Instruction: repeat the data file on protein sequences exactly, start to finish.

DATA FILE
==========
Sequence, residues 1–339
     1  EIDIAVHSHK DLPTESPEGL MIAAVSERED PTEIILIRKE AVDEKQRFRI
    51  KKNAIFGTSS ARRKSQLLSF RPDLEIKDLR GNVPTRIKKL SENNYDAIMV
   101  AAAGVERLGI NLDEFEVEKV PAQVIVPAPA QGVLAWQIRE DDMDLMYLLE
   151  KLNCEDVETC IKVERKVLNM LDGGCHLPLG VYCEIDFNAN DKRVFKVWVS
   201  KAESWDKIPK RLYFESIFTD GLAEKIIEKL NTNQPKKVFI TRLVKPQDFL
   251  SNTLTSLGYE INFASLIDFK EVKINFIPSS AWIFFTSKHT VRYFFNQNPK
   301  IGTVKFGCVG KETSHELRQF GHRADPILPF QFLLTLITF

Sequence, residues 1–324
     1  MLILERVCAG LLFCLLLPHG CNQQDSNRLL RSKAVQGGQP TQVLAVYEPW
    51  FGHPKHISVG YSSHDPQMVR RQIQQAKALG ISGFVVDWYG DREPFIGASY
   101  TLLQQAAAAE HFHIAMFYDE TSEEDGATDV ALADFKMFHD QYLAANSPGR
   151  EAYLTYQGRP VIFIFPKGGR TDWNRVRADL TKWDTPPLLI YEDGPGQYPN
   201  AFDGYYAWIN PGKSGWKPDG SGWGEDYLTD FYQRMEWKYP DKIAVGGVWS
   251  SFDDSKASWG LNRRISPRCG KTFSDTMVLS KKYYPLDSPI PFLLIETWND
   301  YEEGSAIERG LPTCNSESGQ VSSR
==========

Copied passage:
Sequence, residues 1–339
     1  EIDIAVHSHK DLPTESPEGL MIAAVSERED PTEIILIRKE AVDEKQRFRI
    51  KKNAIFGTSS ARRKSQLLSF RPDLEIKDLR GNVPTRIKKL SENNYDAIMV
   101  AAAGVERLGI NLDEFEVEKV PAQVIVPAPA QGVLAWQIRE DDMDLMYLLE
   151  KLNCEDVETC IKVERKVLNM LDGGCHLPLG VYCEIDFNAN DKRVFKVWVS
   201  KAESWDKIPK RLYFESIFTD GLAEKIIEKL NTNQPKKVFI TRLVKPQDFL
   251  SNTLTSLGYE INFASLIDFK EVKINFIPSS AWIFFTSKHT VRYFFNQNPK
   301  IGTVKFGCVG KETSHELRQF GHRADPILPF QFLLTLITF

Sequence, residues 1–324
     1  MLILERVCAG LLFCLLLPHG CNQQDSNRLL RSKAVQGGQP TQVLAVYEPW
    51  FGHPKHISVG YSSHDPQMVR RQIQQAKALG ISGFVVDWYG DREPFIGASY
   101  TLLQQAAAAE HFHIAMFYDE TSEEDGATDV ALADFKMFHD QYLAANSPGR
   151  EAYLTYQGRP VIFIFPKGGR TDWNRVRADL TKWDTPPLLI YEDGPGQYPN
   201  AFDGYYAWIN PGKSGWKPDG SGWGEDYLTD FYQRMEWKYP DKIAVGGVWS
   251  SFDDSKASWG LNRRISPRCG KTFSDTMVLS KKYYPLDSPI PFLLIETWND
   301  YEEGSAIERG LPTCNSESGQ VSSR